Analysis of Critical Parameters Affecting the Formation of Wormholes in Acid Stimulation of Carbonate Formations

Open Access
Almarri, Hamad
Graduate Program:
Energy and Mineral Engineering
Master of Science
Document Type:
Master Thesis
Date of Defense:
July 20, 2015
Committee Members:
  • Yilin Wang, Thesis Advisor
  • Stimulation
  • Acid
  • Wormhole
  • Carbonate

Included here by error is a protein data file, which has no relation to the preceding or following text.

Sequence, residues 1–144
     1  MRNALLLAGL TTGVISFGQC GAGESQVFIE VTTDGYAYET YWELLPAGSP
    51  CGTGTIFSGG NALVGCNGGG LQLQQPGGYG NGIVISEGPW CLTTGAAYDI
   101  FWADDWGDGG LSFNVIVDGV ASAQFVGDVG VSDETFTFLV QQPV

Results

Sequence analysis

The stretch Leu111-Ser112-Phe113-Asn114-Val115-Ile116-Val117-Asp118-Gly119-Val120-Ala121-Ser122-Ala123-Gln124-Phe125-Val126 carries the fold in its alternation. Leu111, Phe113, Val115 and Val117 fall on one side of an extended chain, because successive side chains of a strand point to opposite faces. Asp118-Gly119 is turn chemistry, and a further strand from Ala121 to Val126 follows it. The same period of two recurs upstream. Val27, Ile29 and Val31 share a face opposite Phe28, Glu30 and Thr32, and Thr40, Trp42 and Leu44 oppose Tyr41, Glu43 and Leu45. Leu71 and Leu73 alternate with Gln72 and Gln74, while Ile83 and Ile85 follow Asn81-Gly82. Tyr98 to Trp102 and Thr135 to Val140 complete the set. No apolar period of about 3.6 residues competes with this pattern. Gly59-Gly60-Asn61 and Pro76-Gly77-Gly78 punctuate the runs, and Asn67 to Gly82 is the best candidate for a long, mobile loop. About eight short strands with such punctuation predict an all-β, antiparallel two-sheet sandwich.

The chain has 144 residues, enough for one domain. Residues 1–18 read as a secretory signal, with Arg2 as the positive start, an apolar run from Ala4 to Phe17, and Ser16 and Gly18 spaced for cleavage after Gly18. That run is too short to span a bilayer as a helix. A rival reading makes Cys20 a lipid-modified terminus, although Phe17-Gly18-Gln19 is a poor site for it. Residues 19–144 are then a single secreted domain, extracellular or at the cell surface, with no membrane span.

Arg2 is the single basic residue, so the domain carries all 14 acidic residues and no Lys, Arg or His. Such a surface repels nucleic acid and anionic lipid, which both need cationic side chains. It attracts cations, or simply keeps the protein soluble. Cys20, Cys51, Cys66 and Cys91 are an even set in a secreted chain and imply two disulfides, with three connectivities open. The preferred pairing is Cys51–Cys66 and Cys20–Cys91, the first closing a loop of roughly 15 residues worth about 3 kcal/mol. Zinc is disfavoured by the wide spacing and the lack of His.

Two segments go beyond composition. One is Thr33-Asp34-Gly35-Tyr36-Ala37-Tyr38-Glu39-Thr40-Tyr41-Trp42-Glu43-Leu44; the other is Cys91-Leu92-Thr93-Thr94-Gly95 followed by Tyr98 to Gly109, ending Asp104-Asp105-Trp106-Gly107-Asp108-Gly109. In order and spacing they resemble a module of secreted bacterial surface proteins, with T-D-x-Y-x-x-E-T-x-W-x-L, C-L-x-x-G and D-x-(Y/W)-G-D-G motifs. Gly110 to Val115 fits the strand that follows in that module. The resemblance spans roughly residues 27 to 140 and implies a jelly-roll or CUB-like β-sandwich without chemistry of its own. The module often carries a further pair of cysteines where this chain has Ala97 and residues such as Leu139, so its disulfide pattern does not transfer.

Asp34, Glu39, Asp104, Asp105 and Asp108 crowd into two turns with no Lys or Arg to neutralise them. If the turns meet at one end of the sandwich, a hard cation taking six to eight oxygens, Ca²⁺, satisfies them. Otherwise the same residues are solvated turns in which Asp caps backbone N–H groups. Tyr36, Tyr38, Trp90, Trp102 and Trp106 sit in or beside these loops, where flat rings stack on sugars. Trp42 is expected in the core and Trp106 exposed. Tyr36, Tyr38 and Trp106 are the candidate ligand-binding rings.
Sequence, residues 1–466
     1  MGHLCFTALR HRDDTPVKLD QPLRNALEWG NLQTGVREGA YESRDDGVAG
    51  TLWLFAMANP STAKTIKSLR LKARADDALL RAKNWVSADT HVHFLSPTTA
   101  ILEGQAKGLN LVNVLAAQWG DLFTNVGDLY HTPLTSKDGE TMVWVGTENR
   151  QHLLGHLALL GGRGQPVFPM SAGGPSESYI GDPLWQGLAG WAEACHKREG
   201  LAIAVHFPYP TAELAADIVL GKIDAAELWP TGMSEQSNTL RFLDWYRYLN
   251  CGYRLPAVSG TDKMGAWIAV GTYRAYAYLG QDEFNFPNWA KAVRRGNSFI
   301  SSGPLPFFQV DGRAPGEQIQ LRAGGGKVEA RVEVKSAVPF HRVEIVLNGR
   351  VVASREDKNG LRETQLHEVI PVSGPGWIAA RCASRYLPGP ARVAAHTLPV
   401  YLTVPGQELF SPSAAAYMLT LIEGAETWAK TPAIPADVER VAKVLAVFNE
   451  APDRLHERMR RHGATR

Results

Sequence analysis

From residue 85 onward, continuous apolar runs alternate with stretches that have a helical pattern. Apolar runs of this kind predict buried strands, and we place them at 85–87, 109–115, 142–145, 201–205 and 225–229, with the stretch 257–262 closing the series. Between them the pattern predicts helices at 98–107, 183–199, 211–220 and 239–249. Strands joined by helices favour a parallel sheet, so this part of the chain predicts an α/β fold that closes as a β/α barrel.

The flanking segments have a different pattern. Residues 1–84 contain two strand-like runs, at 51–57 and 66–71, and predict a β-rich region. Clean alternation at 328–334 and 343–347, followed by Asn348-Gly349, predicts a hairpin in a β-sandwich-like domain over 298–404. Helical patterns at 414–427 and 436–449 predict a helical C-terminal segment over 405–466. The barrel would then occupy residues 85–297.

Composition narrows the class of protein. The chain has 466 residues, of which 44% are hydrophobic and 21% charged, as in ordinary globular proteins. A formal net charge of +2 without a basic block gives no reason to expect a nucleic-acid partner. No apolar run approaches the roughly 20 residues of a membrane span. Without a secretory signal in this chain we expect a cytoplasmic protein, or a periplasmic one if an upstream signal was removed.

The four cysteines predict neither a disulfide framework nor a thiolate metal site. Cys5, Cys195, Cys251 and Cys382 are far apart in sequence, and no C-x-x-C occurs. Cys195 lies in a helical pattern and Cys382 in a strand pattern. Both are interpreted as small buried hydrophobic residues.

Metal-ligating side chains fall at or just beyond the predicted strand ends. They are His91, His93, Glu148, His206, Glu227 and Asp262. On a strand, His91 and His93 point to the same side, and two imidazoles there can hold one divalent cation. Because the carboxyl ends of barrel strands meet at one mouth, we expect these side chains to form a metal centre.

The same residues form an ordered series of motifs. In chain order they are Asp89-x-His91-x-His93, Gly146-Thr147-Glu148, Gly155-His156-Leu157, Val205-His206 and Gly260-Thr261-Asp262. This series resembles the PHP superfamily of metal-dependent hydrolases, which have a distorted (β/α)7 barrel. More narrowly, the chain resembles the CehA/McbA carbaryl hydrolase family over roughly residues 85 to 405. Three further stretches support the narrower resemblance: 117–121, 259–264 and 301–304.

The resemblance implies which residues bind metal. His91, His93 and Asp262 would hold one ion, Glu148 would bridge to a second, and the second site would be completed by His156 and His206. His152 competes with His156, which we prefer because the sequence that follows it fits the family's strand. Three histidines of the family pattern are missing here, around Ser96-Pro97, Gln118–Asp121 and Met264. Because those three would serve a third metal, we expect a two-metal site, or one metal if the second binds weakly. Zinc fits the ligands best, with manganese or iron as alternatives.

Well stimulation has been the norm in the petroleum industry for decades to increase well productivity or injectivity. The increase in the productivity or the injectivity index of a certain well comes from smaller drawdown pressure and less formation damage. Formation damage around the wellbore can be caused by several factors such as completion, perforation, drilling fluids, chemical precipitations, fine migration, and EOR fluids. In order to overcome this formation damage which restricts the flow of fluids between the wellbore and the rock matrix, acids are pumped through the wellbore and into the rock formation. As a result of a reaction triggered by the acid, highly conductive channels form which connect the wellbore to the undamaged rock matrix, thus bypassing the damaged zone. These highly conductive channels are known as wormholes. Wormholes as the name implies are tube-like, highly branched conduits. The degree of branching as well as the size of the wormhole dictates how effective these wormholes are. Therefore, an optimum type of wormholes with the right amount of branching and the right size is always desirable. The objective of this study is to understand how different dissolution patterns which form during a typical acid treatment affect the overall effectiveness of an acidizing treatment. Using a 3-D core scale model, the theory of an optimum wormhole condition is tested and the effect of several other parameters on the resulting dissolution pattern are examined. The parameters which are examined include injection rate, acid concentration, permeability-porosity relations, heterogeneity magnitude, reservoir pressure, reaction rate, mineral solubility, and acid diffusivity. After simulating the effect of each one of these parameters on the wormhole, the resulting trends are compared to preexisting trends in the literature. Moreover, a scale up method is adopted in this study to examine how the effect of these parameters translates on the field scale. Finally, a post acid treatment flow chart, based on observations from all the simulation runs, is developed to suggest a method to utilize the results from a single acid job and apply it to future treatments.